LROC’s second look at the Apollo 11 landing site. Credit: NASA/Goddard Space Flight Center/Arizona State University
A month after LROC’s first image of the Apollo 11 landing site was acquired, LRO passed over again providing the LROC instrument a new view of the historic site. This time the Sun was 28 degrees higher in the sky, making for smaller shadows and bringing out subtle brightness differences on the surface. The look and feel of the site has changed dramatically.
Enlargement showing Tranquility Base. Credit: NASA/Goddard Space Flight Center/Arizona State University
The astronaut path to the TV camera is visible, and you may even be able to see the camera stand (arrow). You can identify two parts of the Early Apollo Science Experiments Package (EASEP), the Lunar Ranging Retro Reflector (LRRR) and the Passive Seismic Experiment (PSE). Neil Armstrong’s tracks to Little West crater (33 meter diameter) are also visible (unlabeled arrow). His quick jaunt provided scientists with their first view into a lunar crater.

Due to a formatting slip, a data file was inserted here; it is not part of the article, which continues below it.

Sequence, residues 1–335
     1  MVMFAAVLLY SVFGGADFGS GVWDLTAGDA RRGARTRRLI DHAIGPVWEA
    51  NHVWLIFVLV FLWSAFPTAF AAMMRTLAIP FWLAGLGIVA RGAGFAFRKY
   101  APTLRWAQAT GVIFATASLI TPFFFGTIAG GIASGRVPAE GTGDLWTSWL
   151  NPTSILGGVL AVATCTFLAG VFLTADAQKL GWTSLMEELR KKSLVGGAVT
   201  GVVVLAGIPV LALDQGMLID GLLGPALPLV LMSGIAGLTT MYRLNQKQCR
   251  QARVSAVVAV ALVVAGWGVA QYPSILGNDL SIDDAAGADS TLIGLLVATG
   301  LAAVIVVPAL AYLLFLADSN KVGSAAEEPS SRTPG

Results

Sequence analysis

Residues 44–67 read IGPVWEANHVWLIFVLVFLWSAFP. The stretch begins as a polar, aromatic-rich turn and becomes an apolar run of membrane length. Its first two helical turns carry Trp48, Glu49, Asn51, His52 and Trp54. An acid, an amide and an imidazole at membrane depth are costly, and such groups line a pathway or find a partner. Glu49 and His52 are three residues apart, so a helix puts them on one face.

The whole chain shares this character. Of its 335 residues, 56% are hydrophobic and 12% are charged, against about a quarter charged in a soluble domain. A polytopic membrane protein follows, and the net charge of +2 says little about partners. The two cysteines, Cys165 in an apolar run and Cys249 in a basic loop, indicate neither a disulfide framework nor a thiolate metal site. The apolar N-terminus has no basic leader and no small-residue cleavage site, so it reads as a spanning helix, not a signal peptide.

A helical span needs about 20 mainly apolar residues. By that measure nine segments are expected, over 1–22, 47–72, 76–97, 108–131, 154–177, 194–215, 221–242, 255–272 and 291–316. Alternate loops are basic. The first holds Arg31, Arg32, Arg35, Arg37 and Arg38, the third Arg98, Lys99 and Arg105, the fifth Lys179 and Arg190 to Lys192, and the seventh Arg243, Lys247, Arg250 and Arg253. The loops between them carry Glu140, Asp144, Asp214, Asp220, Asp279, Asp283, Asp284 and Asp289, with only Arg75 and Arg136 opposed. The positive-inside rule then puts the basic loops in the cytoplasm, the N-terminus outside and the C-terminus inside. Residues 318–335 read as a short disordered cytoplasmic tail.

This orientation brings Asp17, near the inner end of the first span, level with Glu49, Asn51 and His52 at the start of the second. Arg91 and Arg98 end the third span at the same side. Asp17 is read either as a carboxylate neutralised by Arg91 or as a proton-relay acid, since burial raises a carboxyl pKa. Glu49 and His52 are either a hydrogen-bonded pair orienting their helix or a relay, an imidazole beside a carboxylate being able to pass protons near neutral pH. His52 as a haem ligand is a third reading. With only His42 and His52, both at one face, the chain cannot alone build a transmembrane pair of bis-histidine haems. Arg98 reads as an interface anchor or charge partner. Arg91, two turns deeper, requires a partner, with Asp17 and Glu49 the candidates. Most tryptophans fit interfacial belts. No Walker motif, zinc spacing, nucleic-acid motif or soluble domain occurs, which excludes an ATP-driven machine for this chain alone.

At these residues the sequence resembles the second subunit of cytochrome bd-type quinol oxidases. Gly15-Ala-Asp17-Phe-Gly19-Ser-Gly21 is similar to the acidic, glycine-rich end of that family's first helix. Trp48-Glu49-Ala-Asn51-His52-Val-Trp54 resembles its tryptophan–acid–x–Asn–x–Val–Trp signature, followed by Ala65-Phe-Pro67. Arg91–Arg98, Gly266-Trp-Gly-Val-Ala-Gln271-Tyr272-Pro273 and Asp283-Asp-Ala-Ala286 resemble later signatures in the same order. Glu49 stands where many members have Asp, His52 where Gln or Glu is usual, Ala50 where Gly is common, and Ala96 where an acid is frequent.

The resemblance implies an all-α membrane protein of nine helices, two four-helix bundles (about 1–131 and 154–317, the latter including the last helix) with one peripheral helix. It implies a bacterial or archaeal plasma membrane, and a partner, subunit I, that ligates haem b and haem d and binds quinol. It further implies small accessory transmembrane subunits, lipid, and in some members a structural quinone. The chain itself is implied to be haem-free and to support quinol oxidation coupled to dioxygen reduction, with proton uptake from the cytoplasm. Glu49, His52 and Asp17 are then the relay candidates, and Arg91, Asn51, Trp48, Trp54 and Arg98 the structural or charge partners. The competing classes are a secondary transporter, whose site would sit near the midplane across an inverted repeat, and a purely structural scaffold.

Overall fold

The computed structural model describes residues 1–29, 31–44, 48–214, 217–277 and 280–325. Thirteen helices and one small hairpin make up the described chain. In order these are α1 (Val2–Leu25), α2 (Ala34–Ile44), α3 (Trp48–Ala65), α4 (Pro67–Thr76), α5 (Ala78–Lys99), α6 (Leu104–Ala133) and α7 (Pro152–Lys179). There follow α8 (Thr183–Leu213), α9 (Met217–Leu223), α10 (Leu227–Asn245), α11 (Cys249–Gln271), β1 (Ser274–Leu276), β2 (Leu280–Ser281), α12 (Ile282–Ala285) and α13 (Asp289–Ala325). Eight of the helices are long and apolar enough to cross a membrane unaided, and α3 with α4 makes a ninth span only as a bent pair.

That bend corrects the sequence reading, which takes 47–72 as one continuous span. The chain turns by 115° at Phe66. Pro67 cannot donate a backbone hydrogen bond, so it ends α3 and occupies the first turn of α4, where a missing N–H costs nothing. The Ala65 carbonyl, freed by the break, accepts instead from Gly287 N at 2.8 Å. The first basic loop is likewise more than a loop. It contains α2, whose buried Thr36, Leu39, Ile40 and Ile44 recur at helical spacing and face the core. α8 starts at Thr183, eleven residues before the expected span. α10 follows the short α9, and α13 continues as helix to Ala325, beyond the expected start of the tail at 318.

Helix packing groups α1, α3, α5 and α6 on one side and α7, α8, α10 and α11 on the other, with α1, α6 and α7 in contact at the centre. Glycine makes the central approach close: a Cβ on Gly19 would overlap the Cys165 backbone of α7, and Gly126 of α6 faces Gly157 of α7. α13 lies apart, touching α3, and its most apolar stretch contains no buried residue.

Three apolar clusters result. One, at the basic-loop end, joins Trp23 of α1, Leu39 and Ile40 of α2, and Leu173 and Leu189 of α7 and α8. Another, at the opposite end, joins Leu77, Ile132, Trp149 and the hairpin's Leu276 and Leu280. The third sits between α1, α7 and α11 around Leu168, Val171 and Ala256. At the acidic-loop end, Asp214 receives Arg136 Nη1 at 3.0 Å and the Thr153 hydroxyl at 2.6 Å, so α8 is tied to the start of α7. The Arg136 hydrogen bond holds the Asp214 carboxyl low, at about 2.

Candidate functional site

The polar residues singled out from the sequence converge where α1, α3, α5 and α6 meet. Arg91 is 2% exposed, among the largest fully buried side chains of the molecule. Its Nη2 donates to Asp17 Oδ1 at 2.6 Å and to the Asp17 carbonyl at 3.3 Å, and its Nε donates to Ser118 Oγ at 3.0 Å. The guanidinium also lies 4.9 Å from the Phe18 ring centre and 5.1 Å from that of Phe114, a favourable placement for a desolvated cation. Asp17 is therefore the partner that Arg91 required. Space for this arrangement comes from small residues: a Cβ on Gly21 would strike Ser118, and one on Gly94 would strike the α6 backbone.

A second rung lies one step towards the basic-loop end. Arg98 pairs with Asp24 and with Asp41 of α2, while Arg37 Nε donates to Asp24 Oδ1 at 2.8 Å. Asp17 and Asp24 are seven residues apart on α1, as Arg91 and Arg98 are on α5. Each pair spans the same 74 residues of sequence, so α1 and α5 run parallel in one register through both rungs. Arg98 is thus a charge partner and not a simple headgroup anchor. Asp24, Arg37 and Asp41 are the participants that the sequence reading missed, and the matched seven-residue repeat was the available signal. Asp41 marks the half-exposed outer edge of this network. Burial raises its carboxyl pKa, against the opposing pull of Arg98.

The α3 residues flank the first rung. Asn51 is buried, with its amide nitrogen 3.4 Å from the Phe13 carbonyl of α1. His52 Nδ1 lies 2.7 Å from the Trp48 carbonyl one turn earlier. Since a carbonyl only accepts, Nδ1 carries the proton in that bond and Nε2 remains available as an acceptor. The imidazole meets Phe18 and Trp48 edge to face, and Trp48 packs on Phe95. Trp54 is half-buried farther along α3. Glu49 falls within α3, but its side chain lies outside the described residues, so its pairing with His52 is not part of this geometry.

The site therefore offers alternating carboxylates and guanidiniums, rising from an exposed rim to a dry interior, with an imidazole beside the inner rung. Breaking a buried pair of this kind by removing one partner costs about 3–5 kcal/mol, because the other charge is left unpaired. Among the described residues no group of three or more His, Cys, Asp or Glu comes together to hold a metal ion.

Apollo 11 PSE in the foreground with LRRR just behind it, and the TV camera on the horizon beyond the American flag [Credit: NASA Photo AS11-40-5948].
Posted by: Soderman/NLSI Staff
Source: NASA; http://lroc.sese.asu.edu/news/index.php?/archives/101-Apollo-11-Second-look.html#extended